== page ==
Historical click through rate for each keyword affects your Quality Score, the relevance of the ads and the quality of landing page. Also your account history, history of all click through rates and ads in your account. Of course there are factors as well that won’t be revealed to us.

Relevance and landing page are the key things.

Case study: We had a client who came to us as part of their whole SEO outsourcing requirement. They were managing their own campaign and they currently had an average minimum bid of 40 pence, and 5 ad groups, and each ad group had 100 keywords. It turned out that 72% of their keywords had poor Quality Scores.

So the first thing we did was come in and create more, smaller, more relevant ad groups. Then we developed more relevant ad copy for each group. Then we optimised the landing page using Google’s web optimiser. And we tested to see what was and was not working. So some results: the average minimum CPC went down to about 8 pence, click through rates went up about 11%, conversions went up from 2.6% to 4.2% within 2 weeks, the quality score for over 50% of the keywords went from poor to great. And then after a month, anything that still had a poor rating, we just deleted them altogether.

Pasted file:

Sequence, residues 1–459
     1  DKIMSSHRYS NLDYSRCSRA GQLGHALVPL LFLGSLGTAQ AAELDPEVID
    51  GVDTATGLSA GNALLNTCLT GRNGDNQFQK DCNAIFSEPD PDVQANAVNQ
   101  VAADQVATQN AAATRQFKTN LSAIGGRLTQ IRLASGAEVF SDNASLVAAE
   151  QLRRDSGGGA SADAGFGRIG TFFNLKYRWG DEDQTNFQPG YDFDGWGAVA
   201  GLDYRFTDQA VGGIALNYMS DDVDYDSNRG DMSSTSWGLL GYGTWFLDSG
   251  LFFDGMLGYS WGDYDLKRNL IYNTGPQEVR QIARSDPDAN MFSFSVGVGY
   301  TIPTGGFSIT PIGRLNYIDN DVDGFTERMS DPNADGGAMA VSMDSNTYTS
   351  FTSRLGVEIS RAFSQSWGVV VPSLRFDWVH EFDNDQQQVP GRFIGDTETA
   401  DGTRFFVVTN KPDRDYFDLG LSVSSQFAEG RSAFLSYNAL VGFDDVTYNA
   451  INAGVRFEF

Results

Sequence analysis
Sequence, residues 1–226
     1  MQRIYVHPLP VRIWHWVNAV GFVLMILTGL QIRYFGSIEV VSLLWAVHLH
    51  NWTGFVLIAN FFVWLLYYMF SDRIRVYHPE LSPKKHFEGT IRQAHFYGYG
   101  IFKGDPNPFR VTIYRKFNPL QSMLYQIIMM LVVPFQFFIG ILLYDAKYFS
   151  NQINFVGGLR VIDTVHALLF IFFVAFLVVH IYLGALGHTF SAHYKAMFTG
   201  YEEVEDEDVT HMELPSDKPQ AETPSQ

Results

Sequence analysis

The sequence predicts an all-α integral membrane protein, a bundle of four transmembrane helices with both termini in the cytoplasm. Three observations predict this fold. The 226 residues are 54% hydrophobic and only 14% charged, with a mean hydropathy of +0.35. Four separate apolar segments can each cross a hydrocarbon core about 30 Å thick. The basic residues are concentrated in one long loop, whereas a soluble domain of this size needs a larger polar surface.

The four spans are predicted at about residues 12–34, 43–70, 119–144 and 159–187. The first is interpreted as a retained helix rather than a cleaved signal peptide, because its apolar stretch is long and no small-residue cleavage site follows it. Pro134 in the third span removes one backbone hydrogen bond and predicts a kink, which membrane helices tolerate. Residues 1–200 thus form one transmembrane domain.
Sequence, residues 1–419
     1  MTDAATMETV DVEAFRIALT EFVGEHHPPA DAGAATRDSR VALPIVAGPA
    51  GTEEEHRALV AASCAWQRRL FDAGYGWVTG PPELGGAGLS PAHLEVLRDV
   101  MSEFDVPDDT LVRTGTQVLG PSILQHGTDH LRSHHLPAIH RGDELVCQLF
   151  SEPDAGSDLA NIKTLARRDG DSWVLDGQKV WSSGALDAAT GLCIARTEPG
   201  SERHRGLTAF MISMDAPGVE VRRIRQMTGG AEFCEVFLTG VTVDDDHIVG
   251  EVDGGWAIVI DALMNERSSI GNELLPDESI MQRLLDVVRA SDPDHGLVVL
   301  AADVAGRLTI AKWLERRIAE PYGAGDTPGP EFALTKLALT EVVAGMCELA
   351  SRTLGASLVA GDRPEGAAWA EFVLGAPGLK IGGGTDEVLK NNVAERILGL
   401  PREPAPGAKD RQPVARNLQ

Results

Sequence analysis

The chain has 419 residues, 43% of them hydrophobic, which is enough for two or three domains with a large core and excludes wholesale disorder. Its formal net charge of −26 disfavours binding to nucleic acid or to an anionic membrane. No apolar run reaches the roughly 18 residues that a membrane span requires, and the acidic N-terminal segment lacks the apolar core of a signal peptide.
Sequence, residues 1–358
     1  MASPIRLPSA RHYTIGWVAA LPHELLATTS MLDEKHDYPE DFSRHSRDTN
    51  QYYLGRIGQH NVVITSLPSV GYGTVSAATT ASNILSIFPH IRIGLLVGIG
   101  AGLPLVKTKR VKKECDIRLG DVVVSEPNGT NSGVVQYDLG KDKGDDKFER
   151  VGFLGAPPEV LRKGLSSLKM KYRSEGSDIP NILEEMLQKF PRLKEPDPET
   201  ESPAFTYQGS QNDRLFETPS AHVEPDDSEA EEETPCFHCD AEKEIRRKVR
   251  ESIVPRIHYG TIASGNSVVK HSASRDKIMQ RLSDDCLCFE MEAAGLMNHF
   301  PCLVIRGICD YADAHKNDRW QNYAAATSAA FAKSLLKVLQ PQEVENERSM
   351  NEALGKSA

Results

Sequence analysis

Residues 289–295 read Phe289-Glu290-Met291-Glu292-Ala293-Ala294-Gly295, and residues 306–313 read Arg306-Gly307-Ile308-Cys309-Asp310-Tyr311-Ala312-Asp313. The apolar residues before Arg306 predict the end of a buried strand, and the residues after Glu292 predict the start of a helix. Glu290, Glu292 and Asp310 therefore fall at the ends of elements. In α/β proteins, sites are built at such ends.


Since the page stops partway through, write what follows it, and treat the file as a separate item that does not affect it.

So the key thing is you need to test and keep an eye on quality score. Many people miss out on this.

Hot tip: You probably should allocate about 10%-15% of your budget specifically to testing. You will learn what’s working and what’s not working.

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Does Google Conduct Minor Toolbar PageRank Updates Between Major Updates?

Summit Online Marketing are asking the question most people who participate in search forums ask themselves. Does Google, on occasion, update the toolbar PageRank score of a particular web site between the major and mass toolbar PageRank updates that are reported?

As an SEO company, why do we ask this question? Well, if you visit enough blogs and forums, you are bound to see a thread or five with the title, “PageRank Update.” These threads are fairly noticeable and we find spot them on a fairly recent basis.

Real Webmasters involved in SEO outsourcing are noticing updates to their PageRank scores in the Google Toolbar. This happens all the time, and then they jump to the forums to be the first to announce the next PageRank update. But then you see a mass response of replies saying, “no PR update here.”

So is it possible that what that SEO Webmasters have noticed was a true toolbar PageRank update for his site? Maybe. There are a few possibilities, the most likely is that he or she is hitting a different data center with different PageRank scores. But I would not rule it out that Google does push minor PageRank scores to the toolbar between major updates.